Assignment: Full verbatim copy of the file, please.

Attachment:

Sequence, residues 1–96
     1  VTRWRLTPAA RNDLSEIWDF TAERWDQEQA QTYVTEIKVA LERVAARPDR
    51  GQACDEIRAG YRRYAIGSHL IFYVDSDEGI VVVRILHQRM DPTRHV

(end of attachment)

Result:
Sequence, residues 1–96
     1  VTRWRLTPAA RNDLSEIWDF TAERWDQEQA QTYVTEIKVA LERVAARPDR
    51  GQACDEIRAG YRRYAIGSHL IFYVDSDEGI VVVRILHQRM DPTRHV